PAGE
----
We have no better-quality data on node-positive men anywhere else, so we should use these data to guide clinical management.
—Chris Parker, MD
Node-positive prostate cancer has typically been excluded from clinical trials, leaving oncologists with little evidence to guide management for this group of patients. A study presented at the European Society for Medical Oncology (ESMO) 2014 Congress sheds light on this issue, providing the strongest evidence to date that radical radiotherapy (to the pelvis and lymph nodes) added to androgen-deprivation therapy improves survival in node-positive patients.1
The evidence comes from a post hoc analysis of the control arm of the phase III STAMPEDE trial, which showed that the addition of radiation to androgen-deprivation therapy prolonged failure-free survival, an endpoint that included biochemical failure, disease progression, or death, in men with high-risk prostate cancer, including both node-negative and node-positive cancers.
Radiation plus androgen-deprivation therapy is already considered standard of care for high-risk node-negative patients, and these new data support similar management of node-positive patients.
“The STAMPEDE trial supports the use of radical radiotherapy in both node-positive and node-negative patients and argues against the use of androgen-deprivation therapy alone for node-positive disease,” stated Chris Parker, MD, Consultant in Clinical Oncology at the Royal Marsden Hospital, London.
The analysis focused on a cohort of 721 men from the control arm of STAMPEDE. All men initiated treatment with androgen-deprivation therapy. Radiotherapy was optional at study initiation, but after two large trials established the role of radical radiotherapy added to androgen-deprivation therapy in node-negative disease, radiation to the prostate (with or without radiation to the pelvis and lymph nodes) was planned for node-negative patients in the control arm of STAMPEDE. At baseline, median prostate-specific antigen level was 43 ng/mL, 40% (n = 287) were node-positive on imaging (not histology), and median Gleason score was 8 to 10.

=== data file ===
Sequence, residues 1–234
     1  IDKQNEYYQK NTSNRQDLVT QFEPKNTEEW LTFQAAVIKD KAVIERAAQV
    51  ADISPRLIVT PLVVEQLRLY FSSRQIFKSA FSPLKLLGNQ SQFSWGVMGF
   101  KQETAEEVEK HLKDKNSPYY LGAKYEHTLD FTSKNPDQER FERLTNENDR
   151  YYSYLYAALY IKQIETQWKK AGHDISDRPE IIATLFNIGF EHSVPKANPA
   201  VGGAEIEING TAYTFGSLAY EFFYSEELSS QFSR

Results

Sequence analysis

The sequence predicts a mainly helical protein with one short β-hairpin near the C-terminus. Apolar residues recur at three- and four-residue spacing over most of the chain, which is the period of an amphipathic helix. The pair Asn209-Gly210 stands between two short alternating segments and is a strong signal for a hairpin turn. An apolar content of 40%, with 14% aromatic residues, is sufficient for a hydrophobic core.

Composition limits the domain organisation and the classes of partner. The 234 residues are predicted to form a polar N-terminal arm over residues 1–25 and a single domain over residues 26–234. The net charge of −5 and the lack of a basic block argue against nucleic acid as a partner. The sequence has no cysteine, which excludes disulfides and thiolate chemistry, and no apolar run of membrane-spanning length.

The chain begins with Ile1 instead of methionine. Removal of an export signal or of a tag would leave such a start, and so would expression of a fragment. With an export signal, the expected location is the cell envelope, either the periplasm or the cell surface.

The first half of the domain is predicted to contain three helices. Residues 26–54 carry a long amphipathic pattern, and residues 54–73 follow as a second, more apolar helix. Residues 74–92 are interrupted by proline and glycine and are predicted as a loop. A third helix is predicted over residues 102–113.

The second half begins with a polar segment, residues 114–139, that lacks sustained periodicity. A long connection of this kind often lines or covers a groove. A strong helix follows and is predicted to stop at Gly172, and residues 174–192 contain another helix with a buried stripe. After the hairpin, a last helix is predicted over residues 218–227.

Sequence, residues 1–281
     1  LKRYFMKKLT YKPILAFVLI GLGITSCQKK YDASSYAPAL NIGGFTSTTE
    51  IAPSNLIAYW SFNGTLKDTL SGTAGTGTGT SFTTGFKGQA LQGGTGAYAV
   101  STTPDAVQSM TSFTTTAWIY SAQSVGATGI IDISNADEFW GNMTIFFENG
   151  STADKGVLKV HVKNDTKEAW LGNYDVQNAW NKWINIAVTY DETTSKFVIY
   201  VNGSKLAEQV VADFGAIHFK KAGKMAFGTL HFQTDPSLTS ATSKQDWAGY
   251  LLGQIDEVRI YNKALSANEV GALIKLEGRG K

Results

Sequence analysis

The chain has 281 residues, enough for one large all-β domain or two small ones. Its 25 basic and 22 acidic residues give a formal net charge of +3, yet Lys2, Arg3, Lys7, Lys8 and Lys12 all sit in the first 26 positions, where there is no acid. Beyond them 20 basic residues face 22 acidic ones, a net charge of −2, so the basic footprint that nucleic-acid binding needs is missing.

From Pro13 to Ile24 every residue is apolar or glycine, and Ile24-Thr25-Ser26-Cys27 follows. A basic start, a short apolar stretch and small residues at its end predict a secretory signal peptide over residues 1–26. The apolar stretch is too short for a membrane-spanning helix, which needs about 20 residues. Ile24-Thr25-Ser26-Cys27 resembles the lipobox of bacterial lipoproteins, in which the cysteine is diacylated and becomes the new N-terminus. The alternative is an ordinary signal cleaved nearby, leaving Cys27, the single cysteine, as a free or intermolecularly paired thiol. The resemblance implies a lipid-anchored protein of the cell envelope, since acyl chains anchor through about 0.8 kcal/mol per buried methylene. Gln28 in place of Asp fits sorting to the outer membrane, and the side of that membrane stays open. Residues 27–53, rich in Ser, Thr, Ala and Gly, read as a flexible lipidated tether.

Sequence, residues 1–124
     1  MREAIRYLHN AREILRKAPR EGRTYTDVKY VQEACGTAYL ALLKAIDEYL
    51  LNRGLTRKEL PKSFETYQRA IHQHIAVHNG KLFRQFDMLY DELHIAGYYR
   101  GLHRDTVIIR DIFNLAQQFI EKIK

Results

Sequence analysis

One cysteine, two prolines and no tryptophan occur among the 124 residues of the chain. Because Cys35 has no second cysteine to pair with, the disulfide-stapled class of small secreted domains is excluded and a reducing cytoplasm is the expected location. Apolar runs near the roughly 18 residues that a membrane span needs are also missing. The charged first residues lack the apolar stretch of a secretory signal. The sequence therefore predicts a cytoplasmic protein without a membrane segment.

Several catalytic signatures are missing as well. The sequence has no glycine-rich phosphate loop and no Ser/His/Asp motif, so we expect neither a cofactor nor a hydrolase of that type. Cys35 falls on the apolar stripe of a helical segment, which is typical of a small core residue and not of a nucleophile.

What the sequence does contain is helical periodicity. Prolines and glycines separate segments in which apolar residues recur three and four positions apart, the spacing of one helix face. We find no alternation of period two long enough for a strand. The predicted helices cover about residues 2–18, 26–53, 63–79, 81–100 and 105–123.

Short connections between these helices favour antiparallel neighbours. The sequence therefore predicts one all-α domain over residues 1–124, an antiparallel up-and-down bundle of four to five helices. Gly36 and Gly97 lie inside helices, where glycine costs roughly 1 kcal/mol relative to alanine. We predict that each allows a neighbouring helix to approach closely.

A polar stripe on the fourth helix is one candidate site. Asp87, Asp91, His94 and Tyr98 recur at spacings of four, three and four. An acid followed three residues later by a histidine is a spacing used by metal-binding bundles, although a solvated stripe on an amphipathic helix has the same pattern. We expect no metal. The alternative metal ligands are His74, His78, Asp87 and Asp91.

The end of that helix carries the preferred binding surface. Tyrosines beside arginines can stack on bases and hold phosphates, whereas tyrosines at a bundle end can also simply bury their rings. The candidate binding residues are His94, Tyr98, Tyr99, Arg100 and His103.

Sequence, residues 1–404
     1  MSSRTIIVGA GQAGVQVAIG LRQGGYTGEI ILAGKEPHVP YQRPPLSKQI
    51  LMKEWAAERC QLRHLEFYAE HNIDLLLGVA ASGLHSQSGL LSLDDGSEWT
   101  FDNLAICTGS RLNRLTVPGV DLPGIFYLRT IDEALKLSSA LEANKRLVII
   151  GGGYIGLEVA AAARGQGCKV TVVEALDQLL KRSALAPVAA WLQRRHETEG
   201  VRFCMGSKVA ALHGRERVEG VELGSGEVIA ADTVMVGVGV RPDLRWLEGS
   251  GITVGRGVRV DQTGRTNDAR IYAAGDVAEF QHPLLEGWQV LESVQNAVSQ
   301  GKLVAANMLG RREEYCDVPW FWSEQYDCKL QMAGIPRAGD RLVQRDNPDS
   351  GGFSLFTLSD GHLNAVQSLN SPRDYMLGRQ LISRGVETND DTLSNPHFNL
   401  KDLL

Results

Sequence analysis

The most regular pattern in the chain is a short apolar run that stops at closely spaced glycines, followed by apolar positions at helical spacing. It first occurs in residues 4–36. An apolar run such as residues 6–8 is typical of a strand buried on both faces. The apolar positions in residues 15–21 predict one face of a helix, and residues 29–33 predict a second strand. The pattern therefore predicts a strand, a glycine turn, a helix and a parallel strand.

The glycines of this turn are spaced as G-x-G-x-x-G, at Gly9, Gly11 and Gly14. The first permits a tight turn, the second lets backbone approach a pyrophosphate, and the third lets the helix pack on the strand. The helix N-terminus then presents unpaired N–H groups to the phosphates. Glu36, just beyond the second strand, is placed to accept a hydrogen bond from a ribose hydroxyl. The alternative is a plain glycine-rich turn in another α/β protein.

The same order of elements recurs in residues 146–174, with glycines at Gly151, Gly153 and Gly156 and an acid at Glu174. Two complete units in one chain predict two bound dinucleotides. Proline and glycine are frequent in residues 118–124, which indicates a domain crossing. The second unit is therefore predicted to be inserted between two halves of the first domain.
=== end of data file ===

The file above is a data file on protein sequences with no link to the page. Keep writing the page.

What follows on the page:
Median failure-free survival was 63 months for all 721 patients in the control arm. Radiation was planned in 121 node-negative men and not planned in 59. Among node-negative men who got radiation, the 3-year failure-free survival rate was 84%, compared with 62% in those who did not. The adjusted risk reduction in favor of radiation was 74%.
“These results coincide precisely with those from the completed randomized trials and are encouraging when we move to node-positive patients where we don’t have such data from randomized trials,” Dr. Parker continued.
In node-positive patients, radiation was planned for 98 men and not planned for 80 men. The 3-year failure-free survival rate was 71% for men who got radiation vs 47% for those who did not, representing a 49% reduction in risk of progression or death.
“This analysis is based on intention to give radiation when enrolling in STAMPEDE. It is possible that patients slated for radiation did not get it, and it is also possible that some patients for whom radiation was not intended at enrollment, subsequently received it,” he added.
A landmark analysis was conducted to account for these possibilities and showed even more impressive results than the original analysis; the adjusted hazard ratio in node-positive men was 0.35, representing a 65% reduction in risk of progression or death. In node-negative patients, risk of progression or death was reduced by 74%.
“Results were remarkably similar for men with node-positive and node-negative disease. Depending on which analysis you go by, the addition of radiation to [androgen-deprivation therapy] reduced the risk of [failure-free survival] by 49% or 65% in node-positive men,” he said.
“One limitation of this analysis is that the groups were small,” Dr. Parker said. “However, we have no better-quality data on node-positive men anywhere else, so we should use these data to guide clinical management,” he stated. ■
Disclosure: The study authors reported no potential conflicts of interest.
1. James N, Spears M, Clarke N, et al: Impact of node status and radiotherapy on failure free survival in men with newly diagnosed non-metastatic prostate cancer: Data from >690 patients in the control arm of the STAMPEDE trial. ESMO 2014 Congress. Abstract 754O. Presented September 28, 2014.
The formal discussant of the study presented by James et al at the ESMO 2014 Congress was Bertrand Tombal, MD, PhD, Chairman of the Division of Urology and Associated Professor of Physiology at Université Catholique de Louvain, Brussels. He praised the STAMPEDE trial as “wonderful, because it...